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Happy-Gourmand

Kick those sniffles away

Mistletoe, holly, candy canes and shortbread – 'tis the season. The hustle and bustle of shoppers. The smell of gingerbread and pine, the sound of Christmas carols being sung.

Oh, and a stuffed-up nose with a hacking cough. What is it about the holiday season that makes it a perfect setting for colds and flu?

As I write this, I must pause for sips of tea, as my poor throat cannot bear to be without liquid for more than a moment or the razor blades stuck there start to shift.

My nose alternates between running incessantly and being so plugged that my ears hurt. Breathing deeply is tricky, best attempted only after a bout of coughing or else it causes more of the same.

I bet many of you out there are feeling much as I do, and I doubt that I’m the only one who sounds more like the Christmas frog than Suzie Lou Who when I try to sing a carol.

It’s tough to be in the spirit of the season when all one wants to do is snuggle on the couch with a box of tissues.

So, to remedy the situation, I am kicking things up a notch. No mere chicken noodle soup here; I will offer my high-test options for getting your energy back and giving you some gumption to get out there and be jolly.

Christmas comes but once a year, and we don’t want to miss out on the fun, right? Here is how to soldier on…

Porridge (link: http://www.jamieoliver.com/recipes/fruit-recipes/porridge-lots-of-ways/#wBfrdwKc4rzvaciO.97 ) – yes, the adage of something that sticks to your ribs is a worthy one. You need some sustenance to fight off an illness and starting the day with something warm helps boost your metabolism (just like working out).

I like a grainy cereal like Red River, but oatmeal works just fine. Add a touch of maple syrup for its nutrients and maybe dried cranberries for extra vitamin C.

My link here is from Jamie Oliver – who better than an English bloke to offer advice on porridge?

Herbal tea

I have a friend who swears that a cup of tea can help solve any problem in life, and when we sit together I do feel that way. But she lives overseas, so when I have a cold, I need extra help.

Many herbs soothe a sore throat and give your system a boost to fight infection. Ginger, mint, and camomile are some of the most common; my link offers a few others too. Add honey for added benefit.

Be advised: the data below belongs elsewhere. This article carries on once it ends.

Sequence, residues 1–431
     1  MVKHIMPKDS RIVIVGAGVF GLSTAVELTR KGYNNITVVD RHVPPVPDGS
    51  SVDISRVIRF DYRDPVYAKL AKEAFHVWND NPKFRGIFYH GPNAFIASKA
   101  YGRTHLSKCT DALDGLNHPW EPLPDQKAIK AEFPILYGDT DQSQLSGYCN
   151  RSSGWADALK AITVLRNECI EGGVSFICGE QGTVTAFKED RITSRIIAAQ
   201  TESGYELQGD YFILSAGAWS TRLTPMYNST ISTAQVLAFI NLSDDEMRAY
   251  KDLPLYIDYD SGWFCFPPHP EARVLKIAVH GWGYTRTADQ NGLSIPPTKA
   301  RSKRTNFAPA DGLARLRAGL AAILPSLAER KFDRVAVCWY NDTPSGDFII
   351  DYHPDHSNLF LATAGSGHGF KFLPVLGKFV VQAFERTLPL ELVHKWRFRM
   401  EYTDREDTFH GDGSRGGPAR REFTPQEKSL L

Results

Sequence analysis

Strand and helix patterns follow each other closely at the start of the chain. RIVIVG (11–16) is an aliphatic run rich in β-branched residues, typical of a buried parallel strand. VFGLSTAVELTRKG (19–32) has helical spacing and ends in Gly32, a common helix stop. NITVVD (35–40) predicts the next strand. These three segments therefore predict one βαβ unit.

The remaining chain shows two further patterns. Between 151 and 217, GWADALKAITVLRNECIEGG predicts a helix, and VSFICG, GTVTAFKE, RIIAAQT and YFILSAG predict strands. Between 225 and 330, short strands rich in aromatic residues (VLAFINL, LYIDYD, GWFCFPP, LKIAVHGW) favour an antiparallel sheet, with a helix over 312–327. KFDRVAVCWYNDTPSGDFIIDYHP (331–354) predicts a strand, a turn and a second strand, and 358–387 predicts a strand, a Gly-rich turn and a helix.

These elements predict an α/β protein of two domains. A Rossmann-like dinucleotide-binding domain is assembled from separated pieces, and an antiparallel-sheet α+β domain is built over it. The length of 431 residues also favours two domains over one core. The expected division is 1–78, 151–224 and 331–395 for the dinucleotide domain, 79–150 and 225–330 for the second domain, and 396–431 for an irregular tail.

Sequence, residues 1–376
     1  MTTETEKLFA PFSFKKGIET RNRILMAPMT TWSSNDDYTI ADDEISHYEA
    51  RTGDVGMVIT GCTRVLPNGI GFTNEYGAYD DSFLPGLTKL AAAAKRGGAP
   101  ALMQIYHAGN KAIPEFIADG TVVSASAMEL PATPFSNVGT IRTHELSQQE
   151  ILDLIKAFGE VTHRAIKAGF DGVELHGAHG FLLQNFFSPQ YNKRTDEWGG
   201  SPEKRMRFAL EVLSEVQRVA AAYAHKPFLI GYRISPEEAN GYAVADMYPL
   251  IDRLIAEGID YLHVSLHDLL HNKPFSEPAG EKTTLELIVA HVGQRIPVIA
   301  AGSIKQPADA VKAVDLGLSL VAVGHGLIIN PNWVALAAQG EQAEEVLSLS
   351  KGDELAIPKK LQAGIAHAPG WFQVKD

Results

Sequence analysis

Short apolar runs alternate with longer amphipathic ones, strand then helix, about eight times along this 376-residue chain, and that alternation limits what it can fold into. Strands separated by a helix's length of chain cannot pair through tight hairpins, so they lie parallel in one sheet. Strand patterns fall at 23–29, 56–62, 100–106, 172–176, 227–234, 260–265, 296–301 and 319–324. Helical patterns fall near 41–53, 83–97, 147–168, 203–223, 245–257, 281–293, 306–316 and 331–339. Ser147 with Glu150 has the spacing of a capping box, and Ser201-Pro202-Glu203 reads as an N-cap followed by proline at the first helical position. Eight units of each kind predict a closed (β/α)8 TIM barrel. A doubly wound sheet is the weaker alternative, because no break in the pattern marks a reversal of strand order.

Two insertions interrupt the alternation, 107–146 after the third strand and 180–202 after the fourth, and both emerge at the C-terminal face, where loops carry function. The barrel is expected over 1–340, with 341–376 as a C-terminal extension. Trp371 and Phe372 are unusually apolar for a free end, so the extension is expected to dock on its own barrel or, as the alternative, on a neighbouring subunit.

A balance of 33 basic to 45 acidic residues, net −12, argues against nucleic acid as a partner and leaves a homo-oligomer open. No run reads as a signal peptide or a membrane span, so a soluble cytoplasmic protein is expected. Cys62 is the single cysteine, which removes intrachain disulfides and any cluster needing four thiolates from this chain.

Garlic

This humble root offers powerful assistance in the fight against a cold. The catch is you need to crush or slice the cloves for best absorption, and if you are cooking garlic it’s best to crush it and then let it sit for 10 minutes before heating it so the enzymes can stay active.

My fave garlic recipe for a sick day is a simple one: pasta with garlic and parsley. 

Hot & Sour Soup

This is my ultimate weapon, beating out chicken noodle every time. It offers bold flavours you can still taste with a cold which in itself is soothing. Warm liquids help us stay hydrated and calm and a bit of extra “hot” will really give your body a kick-start if you can take it.

Ice Cream

Just because. It soothes a sore throat and makes me smile. You can opt for holiday flavours if you like; if you want to splurge, Kelowna has a few artisan shops. I like the options at QB Gelato, which you can browse at the link. 

If you are home sick, I hope these ideas help you feel better. If you’ve skated through so far healthy, them maybe you want to bookmark this page just in case? 

I wish you all a sniffle-free and happy holiday season.

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About the Author

Kristin Peturson-Laprise is a customer experience specialist by trade, which means she is someone passionate about people having a good time. 

Her company, Wow Service Mentor, helps businesses enhance their customer experience through hands-on training, service programs, and special event coordination.

Kristin enjoys her own experiences too, and that is what she writes about in this column. She and her husband Martin Laprise (also known as Chef Martin, of The Chef Instead) love to share their passion for food and entertaining.  

Kristin says:

"Wikipedia lists a gourmand as a person who takes great pleasure in food. I have taken the concept of gourmandise, or enjoying something to the fullest, in all parts of my life. I love to grow and cook food, and I loved wine enough to become a Sommelier. I call a meal a success when I can convey that 'sense of place' from where the food has come . . . the French call that terroir, but I just call it the full experience. It might mean tasting the flavours of my own garden, or transporting everyone at the table to a faraway place, reminiscent of travels or dreams we have had."

 

E-mail Kristin at:  [email protected]

Check out her website here:  www.wowservicementor.com

 



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The views expressed are strictly those of the author and not necessarily those of Castanet. Castanet does not warrant the contents.

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